The ventilation holes have been darkened with a Sharpie and I masked off the cylinder to keep it shiny. I then took a step back to admire what I'd done and decided it was all shit. I've since taken the gun completely apart and there's no telling whether or not I'll be able to piece it back together. This is why I don't choose many hobbies outside of writing and Counter-Strike. I like the challenge of working with my hands for a change, but it's just not something I have the desire to pursue. I'm pretty hardcore about the hobbies I already have and any free time I lose doing something else tends to make me grumpy.
In case you're wondering just how detailed you could get if you really wanted, check out this video about BR blasters:
I fucking love his guns. I'd kill to have almost any of those.
I'm still on the fence on whether I want to call my current blaster a practice-run or if it'll be what I actually wear on Halloween. I'm hoping it won't look too bad in a holster, but as of right now, I'm just not happy with it. Next I'll be looking for a tie, a shirt, shoes, and a watch. I know the watch isn't important, but it's been a long time since I bought a watch. If I manage to find a similar Microma, I'll probably get it. The tie I might actually order from a prop shop because it's way cheaper than a gun and I freakin' love that tie.
I'm not a cosplayer. I haven't dressed up for Halloween in something like ten years. That's not to say I don't enjoy it. There's just something fun about staying home when every movie on television is a horror film—it's kind of like staying at home as a character from the movie Halloween... and about twenty or thirty other slasher films that came out after it. There's that and there's always the fear that if I don't stay home and hand out treats, kids will toilet paper my house.
This year I've decided to go out. Here are the costume ideas I ran through...
For over a year I planned on going as Breaking Bad's Walter White. I would shave my head, find a pair of White-ish glasses in my prescription, and possibly wear the Heisenberg hat. The shirt, pants, and jacket wouldn't be an issue; I already dress like Walter White. Unfortunately, I already shaved my head not too long ago and got sick of waiting for it to grow out to its present length. Also, there was the realization that everyone was probably going as Walter White.
But yeah, the idea is pretty simple. Grow a goatee, lose your hair, and hit the thrift store. Blue "candy" in a baggie is optional.
The problem then was finding a character to portray that A) I like and B) non-geeky people would actually recognize. So while I would love to be a character from Fargo or classic science fiction novels like The Stars My Destination or Neuromancer, very few normal adults would get it. So I thought about being a comic book superhero, but there are remarkably few such characters I both have a connection with and the average Joe would get. I thought about Man-Thing, but costumes I've seen online range from incredibly phony to incredibly complicated. I would also grit my teeth if anyone asked if I were Swamp Thing.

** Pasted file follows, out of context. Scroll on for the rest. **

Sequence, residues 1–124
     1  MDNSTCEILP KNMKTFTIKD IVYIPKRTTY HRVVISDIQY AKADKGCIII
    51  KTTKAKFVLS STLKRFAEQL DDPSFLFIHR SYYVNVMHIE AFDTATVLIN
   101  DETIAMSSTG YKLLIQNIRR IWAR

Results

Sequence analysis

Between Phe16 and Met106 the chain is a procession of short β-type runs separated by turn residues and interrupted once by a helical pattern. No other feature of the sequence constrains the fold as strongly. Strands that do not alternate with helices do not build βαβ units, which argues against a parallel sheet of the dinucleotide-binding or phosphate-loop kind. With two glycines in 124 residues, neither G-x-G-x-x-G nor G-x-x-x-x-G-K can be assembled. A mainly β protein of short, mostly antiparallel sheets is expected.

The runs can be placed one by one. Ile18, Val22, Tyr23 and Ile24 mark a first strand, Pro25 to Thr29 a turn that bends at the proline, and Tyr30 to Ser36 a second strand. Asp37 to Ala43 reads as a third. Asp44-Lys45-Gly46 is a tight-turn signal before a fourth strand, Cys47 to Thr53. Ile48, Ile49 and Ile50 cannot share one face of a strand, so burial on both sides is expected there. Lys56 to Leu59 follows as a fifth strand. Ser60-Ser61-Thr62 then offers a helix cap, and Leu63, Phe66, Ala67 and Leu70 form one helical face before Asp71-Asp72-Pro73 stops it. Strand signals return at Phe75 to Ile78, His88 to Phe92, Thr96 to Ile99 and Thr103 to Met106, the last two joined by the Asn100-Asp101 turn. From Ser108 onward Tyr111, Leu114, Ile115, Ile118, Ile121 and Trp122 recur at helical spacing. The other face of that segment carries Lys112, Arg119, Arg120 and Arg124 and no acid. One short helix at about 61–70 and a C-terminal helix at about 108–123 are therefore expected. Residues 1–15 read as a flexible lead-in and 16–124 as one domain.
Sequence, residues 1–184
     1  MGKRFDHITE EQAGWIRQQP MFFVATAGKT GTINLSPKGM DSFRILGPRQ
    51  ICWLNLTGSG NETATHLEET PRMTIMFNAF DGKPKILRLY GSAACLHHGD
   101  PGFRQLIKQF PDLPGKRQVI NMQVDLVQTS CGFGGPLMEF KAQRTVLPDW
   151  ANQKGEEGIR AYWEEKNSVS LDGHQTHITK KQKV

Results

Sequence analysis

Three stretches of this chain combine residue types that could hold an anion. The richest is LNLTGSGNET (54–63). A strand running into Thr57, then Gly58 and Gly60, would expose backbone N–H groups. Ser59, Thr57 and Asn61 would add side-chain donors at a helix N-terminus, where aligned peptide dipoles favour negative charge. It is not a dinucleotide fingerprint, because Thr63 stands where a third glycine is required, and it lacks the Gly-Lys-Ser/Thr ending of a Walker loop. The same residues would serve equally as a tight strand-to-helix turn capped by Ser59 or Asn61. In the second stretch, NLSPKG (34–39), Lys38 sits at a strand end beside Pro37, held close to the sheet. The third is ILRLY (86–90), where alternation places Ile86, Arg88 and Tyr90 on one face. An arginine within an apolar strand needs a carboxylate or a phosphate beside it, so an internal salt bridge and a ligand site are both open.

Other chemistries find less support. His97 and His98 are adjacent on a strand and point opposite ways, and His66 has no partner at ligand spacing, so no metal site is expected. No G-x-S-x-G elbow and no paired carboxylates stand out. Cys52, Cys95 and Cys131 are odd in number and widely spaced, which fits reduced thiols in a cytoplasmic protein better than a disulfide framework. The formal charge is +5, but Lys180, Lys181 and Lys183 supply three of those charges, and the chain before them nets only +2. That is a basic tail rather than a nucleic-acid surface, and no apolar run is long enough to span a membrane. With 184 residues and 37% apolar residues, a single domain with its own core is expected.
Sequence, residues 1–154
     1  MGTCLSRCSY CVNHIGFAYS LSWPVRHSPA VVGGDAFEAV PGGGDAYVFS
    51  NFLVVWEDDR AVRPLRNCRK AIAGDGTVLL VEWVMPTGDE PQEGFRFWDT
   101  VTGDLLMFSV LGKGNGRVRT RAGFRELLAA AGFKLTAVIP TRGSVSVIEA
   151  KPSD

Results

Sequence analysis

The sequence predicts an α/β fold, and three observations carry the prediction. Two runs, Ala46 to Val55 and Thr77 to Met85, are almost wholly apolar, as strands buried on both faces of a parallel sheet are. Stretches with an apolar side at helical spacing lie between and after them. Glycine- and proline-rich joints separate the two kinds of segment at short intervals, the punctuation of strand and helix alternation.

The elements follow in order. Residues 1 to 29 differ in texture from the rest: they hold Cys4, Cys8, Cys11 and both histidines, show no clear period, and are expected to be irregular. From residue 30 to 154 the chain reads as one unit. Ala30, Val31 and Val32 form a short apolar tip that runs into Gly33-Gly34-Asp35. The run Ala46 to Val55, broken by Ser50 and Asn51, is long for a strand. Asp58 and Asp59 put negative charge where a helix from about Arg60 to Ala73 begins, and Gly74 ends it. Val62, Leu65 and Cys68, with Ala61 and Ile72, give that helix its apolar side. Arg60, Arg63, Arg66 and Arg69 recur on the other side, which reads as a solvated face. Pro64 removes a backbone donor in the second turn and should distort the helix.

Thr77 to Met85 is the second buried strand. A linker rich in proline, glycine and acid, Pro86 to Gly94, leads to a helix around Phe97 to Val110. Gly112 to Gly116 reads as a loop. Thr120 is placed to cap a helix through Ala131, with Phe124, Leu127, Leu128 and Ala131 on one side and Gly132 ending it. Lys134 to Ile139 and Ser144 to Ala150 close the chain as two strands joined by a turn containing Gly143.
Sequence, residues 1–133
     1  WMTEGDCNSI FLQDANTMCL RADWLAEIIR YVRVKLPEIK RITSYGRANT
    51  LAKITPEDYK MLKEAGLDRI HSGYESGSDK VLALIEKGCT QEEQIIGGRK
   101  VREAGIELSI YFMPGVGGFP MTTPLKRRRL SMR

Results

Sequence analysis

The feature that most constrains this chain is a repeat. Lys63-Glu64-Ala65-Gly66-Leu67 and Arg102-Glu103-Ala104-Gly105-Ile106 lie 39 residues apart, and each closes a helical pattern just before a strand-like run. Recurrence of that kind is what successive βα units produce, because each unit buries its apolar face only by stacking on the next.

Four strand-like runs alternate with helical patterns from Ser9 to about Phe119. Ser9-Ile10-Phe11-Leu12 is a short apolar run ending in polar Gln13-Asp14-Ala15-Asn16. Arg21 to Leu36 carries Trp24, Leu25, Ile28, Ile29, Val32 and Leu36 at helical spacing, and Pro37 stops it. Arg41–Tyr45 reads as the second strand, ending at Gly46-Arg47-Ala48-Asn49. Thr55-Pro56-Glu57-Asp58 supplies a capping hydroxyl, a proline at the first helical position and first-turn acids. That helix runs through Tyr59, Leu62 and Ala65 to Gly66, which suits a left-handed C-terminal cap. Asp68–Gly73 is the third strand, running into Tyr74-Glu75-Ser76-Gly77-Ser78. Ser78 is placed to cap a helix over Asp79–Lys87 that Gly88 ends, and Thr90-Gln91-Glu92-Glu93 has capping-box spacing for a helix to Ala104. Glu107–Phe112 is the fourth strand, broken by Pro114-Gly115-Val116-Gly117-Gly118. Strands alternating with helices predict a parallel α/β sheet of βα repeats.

This idea is ridiculous. If you want to be Man-Thing, you might complete
your costume in time for Halloween next year, but it's going to take
I thought about Magneto and to be honest this is my favorite idea of the bunch, but the one affordable helmet I could find comes with a hokey costume. User reviews say it's pretty shoddy. If you want to be Magneto, you're probably going to either drop three or four hundred bucks on a helmet or make one from scratch. Watch how to make a helmet from scratch here. I don't think the rest of the costume would be too big of a deal. You could always find a purple robe and wear some red sweats.
Then, an epiphany: I'll be Snake Plisken! There's absolutely nothing wrong with this choice as John Carpenter's one of my favorite directors ever. Unfortunately, a friend recently told me he once went as Snake and, knowing him, his costume would likely make mine look like a piece of shit.
You'd need an eyepatch and a five o' clock shadow. The rest shouldn't be hard to find at a thrift store. Bonus idea: Jack Burton.
The choice after this, for a few hours anyway, was The Punisher. It's a character I like and it seems really simple: all you really need is a black T-shirt with a white skull, black pants, a few guns. Sure, that's more or less a movie version (none of which I really cared for), but at least people would get it. All seemed good, but for one reason or another I decided against it. The biggest reason being I knew I would probably wear the shirt for weeks after Halloween, which would no doubt lessen the memory of the night itself.
You can see why I haven't worn a costume in so long? It's because I complicate the hell out of it.
Again, nothing wrong with this choice, other than the fact I used to go as Ash when I was a kid. All I did was tape a toy chainsaw to my arm and tear up a similar button-up shirt. Man, I was a fucking nerd back then... but not now, right? RIGHT?
I love Spider-Man, but let's face it: I'm not going to win any sex-appeal awards in a stretchy, one-piece suit, particularly the type I can actually afford. Unless you're lean and ripped, you should pass, too. Or not. Who gives a shit? Do what you want. Stop being as neurotic as me or else you'll spend a month just choosing a costume, too.
This is the one I've decided to go with, partly because Blade Runner: The Final Cut is my second favorite movie ever, but mostly because I forced myself to stick with the plan by buying the trench coat and a Nerf gun. I'm sure it's a popular (read: overused) choice at fan conventions, but I'm pretty sure I'll be the only one at the party I'll be attending. I might post some progress about my costume as I piece it together over the next few days, but don't hold me to it. I'm notoriously cheap and have already seen fanmade costumes that'll whoop my costume no matter how hard I try.